Completing harvest from the 2019 crop remains a priority for many farmers. Manitoba Agricultural Services Corporation (MASC) says that is particularly so in the Southwest. Certainly, north of Hamiota and up toward the national park of Riding Mountain there is crop lying in the swath, both cereals and oil seeds.
Despite lower than normal overwinter precipitation and normal to below-normal spring runoff, soils remain damp. As the fields dry enough to support equipment without leaving ruts, spring work is getting underway. However, again, farmers are saying the ground is frozen in places. Too cold to apply anhydrous. But that is changing by the day with sunshine and temperatures between 10 and 20 degrees this week. Average soil temperature is normal to below normal at this time.
Winter wheat and fall rye are doing well as most fields look promising with very little to no winterkill this year. Field peas and spring wheat are the first crops to be sown across all regions, followed by some corn acres in the Red River Valley. Weed emergence has started, but cool conditions are prohibiting them from flourishing.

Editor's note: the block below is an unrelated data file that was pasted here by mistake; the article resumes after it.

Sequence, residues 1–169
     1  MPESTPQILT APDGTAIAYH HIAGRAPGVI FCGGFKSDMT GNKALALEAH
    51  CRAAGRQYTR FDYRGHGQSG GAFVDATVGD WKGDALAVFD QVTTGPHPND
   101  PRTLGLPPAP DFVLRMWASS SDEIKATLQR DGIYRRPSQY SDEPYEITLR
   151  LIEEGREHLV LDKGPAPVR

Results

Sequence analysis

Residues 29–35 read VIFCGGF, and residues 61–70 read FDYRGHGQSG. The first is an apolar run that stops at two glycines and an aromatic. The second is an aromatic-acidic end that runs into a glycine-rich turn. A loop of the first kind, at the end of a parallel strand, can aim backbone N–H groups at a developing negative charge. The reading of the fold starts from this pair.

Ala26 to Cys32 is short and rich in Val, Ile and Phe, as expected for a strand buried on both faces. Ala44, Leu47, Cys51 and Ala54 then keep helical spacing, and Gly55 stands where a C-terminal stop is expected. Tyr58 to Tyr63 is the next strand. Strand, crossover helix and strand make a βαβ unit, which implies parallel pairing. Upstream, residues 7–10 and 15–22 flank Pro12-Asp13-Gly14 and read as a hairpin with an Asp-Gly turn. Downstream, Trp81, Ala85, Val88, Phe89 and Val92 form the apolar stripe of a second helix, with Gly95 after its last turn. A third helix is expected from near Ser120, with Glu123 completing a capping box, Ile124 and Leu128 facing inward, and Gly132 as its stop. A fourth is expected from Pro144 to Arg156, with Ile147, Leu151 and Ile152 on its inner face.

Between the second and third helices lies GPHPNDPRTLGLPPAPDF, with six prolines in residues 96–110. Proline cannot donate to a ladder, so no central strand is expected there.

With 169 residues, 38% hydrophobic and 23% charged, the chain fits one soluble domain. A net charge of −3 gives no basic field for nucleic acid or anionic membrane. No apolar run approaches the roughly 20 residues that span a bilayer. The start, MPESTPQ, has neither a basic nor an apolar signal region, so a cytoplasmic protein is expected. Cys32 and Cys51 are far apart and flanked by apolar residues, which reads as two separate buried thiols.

Cattle are being turned out to enjoy the remains of last year’s grasses and onto stubble fields, but growth is slow and many remain on feed, which must be running low by now for some producers.
It seems that every spring farmers face challenges while preparing for seeding. There always seems to be more to do than time to do it. So is this a late spring? Manitoba Agriculture says, in their first weekly crop report of the season, that in 2019 there was 20% seeding completed by the end of the first week in May as compared to the three-year average of 25%. We may be a bit behind but data from other years shows us that even when seeding has a slow start nearly all crops are in the ground by the first week in June. So be patient and grease the seeder one more time.